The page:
Theoretical Fluid Dynamics

For many years the geophysical fluid dynamics community has been studying the 'slow manifold', which was motivated by understanding the large scale circulation of the atmosphere and has intimate connections to numerical modeling of the weather and climate. The key idea behind a slow manifold is that, for large scales, only the slow dynamics matters and that fast dynamics has only a small impact on the evolution of the dynamics.  These ideas have been discussed in key papers with titles like "On the existence of a slow manifold." "On the nonexistence of a slow manifold," and "The slow manifold -- what is it?"  More recent work shows that the wave part of the dynamics puts energy on and takes energy off of the slow manifold itself, modifying its evolution.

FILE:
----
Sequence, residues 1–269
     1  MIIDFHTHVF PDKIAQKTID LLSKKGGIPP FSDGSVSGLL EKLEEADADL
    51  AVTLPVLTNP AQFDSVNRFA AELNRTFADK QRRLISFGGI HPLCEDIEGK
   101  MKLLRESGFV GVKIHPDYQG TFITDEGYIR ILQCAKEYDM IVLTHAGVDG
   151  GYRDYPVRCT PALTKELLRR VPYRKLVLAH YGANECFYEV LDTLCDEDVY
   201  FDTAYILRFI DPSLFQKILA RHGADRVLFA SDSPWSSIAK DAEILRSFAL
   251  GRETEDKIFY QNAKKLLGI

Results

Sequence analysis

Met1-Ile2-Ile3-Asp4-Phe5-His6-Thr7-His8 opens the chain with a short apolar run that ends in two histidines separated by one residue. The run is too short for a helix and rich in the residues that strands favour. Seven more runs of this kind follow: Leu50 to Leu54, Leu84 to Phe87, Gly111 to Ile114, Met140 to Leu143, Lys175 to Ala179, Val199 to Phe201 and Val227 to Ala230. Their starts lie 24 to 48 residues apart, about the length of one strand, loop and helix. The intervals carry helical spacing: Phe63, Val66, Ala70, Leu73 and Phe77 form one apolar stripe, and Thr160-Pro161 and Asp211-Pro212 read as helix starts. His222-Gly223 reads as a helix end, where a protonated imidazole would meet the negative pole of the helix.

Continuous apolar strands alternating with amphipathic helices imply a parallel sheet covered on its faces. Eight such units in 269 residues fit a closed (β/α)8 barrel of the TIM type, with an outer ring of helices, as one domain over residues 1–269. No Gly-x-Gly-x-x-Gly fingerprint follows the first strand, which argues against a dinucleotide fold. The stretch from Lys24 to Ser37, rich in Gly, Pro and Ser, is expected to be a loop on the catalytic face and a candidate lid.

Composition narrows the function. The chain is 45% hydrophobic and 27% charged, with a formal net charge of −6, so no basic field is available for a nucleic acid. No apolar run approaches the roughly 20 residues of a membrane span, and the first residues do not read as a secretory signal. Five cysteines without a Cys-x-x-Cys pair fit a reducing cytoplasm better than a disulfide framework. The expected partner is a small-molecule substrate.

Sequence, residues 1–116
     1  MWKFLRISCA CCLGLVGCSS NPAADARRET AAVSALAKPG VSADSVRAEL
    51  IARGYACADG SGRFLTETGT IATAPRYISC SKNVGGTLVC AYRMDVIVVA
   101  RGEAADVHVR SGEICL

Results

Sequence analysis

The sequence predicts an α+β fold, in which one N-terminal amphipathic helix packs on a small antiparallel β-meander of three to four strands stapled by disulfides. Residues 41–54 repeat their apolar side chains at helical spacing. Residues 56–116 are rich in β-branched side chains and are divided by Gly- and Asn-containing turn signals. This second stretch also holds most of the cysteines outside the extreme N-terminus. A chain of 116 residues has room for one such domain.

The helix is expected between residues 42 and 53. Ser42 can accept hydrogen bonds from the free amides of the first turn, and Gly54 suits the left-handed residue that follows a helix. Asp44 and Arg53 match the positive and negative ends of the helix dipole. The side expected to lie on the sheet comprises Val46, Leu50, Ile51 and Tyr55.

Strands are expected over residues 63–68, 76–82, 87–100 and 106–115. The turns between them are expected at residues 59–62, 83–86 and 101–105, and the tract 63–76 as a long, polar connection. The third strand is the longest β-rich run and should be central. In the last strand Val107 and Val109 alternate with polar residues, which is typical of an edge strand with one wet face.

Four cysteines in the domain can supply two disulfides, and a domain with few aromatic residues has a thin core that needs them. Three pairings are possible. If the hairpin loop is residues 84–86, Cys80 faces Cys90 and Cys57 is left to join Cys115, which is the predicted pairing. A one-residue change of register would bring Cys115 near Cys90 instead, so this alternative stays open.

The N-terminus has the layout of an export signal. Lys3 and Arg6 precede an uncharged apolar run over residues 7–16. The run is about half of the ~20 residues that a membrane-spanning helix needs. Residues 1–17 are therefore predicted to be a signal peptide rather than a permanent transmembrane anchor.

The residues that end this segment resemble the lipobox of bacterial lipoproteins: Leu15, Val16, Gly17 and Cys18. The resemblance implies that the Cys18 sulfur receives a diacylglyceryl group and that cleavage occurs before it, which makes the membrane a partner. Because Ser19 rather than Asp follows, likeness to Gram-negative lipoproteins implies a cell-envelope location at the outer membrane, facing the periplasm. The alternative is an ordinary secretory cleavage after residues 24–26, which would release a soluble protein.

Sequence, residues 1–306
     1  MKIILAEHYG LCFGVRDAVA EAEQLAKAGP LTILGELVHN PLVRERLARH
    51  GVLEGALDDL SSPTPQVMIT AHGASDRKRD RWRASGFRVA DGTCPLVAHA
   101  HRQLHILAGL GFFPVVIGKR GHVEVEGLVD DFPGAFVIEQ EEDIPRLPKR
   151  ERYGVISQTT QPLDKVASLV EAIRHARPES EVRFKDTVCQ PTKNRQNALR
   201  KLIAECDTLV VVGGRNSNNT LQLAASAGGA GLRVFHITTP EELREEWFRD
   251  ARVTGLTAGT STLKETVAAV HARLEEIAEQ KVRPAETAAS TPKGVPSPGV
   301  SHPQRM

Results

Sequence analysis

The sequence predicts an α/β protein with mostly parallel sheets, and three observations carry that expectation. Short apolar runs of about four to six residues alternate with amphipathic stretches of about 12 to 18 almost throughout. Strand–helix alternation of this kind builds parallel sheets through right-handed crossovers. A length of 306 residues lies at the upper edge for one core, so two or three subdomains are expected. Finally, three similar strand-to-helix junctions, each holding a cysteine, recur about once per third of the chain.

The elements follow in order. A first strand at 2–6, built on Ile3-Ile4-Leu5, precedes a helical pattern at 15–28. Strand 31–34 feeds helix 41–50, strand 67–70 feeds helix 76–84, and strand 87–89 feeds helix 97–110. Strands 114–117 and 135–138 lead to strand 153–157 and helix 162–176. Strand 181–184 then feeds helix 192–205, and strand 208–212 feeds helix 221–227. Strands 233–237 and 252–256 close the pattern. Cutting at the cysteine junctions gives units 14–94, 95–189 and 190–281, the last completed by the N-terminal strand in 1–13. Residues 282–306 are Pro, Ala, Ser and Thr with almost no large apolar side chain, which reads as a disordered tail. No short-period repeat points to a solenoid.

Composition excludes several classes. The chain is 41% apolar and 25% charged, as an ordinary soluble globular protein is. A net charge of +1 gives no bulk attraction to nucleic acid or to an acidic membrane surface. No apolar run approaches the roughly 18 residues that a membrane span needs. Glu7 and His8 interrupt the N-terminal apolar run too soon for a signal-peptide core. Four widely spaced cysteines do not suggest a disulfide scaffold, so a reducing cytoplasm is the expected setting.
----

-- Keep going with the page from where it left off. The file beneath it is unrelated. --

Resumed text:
The aim of this project is not to delve into the slow manifold's mathematical existence but instead to ask questions such as: "What is the role of the fast, fast/slow and slow dynamics on the total energy and potential enstrophy? In some systems of equations there is more than one slow manifold. Are these related to one another? Can the energy be shifted from one manifold to another? If so, how?". Then other questions can be asked such as, "How can we use what we know about physics to improve numerical methods such as parallel-in-time methods?" This project can be primarily numerics or physics, or a mixture.

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